How to boost ecommerce sales without discounting (and why you should)

By: Luke Griffiths

In the growing discount culture, a lot of online retailers feel the pressure to slash prices to attract and convert shoppers.

But that’s not the best strategy for shoppers or for retailers.

This article explains how to boost ecommerce sales without discounting, and the long-term benefits of that approach.

The discount climate

The winter and summer sales used to be the two milestones in a retailer’s calendar, but in recent years, regular discounting and almost constant sales have become common. Coupled with fierce competition and the adoption of sales practices from the US, such as Black Friday and Cyber Monday, many retailers are now finding themselves in the middle of a “sales spiral”.

While price reductions can be a useful way to attract new customers, shift stock and lift sales targets, regular discounting can be detrimental to brand perception and profits. In fact, research Klarna conducted confirmed that discounting has become almost unmanageable for a number of retailers - with over half (53%) of the 500 British retailers we surveyed saying the “always on” nature of sales is having a negative impact on profits.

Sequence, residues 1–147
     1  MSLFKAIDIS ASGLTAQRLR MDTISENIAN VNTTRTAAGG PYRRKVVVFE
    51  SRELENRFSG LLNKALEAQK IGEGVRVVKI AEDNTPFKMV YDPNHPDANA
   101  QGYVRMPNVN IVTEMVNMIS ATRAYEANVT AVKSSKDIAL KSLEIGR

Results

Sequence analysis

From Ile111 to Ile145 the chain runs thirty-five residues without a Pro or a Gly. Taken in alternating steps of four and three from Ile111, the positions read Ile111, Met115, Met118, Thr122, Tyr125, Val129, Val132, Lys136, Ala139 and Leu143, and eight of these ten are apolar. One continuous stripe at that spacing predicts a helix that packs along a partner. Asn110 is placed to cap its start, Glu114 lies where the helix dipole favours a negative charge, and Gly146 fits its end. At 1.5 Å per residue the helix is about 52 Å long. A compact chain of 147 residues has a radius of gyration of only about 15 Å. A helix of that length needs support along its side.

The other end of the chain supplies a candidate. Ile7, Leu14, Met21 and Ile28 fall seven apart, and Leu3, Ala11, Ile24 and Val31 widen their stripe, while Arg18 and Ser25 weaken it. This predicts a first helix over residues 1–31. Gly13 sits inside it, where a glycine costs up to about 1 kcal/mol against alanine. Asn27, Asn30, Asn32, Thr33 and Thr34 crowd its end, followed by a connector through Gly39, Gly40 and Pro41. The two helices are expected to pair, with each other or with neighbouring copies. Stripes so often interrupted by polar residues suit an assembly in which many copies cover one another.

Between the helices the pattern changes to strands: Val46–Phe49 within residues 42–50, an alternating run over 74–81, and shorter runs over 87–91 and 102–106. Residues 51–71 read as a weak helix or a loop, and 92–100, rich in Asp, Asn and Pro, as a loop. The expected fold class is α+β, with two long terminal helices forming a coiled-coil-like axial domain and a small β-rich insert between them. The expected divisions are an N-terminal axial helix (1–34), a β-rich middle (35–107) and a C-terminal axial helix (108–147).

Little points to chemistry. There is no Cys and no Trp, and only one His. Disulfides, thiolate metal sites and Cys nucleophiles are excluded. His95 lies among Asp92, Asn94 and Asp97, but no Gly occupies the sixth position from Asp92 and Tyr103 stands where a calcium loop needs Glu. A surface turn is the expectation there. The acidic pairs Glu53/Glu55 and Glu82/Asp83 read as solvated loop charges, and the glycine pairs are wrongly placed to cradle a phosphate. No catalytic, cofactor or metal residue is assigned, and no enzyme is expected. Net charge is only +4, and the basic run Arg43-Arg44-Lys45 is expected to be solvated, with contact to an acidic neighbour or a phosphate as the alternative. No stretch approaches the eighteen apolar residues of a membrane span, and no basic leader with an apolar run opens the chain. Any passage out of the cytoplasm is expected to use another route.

Discount window display

Time to ditch discounting?

Unsurprisingly, today’s discounting is a significant source of stress for retailers of all sizes. Merchant cash flow, impact on profits, and the operational difficulties that come with managing sales activities are all well-known side effects to managing sales activities. The ecommerce channel is particularly vulnerable, with 56% of retailers saying the majority of their discounted transactions come from online trade.

Perhaps more unexpectedly, we found that shoppers too are gradually turning away from the frenzy generally associated with discounting. Consumer research we conducted alongside showed that over a quarter (28%) say sales are too stressful and avoid them altogether.

Constant discounts can also shift brand perception and damage brand value: a quarter (25%) of consumers say they are less likely to regularly shop with a retailer who always has a sale on, and 38% say that constant discounts make a brand look cheap and unfashionable.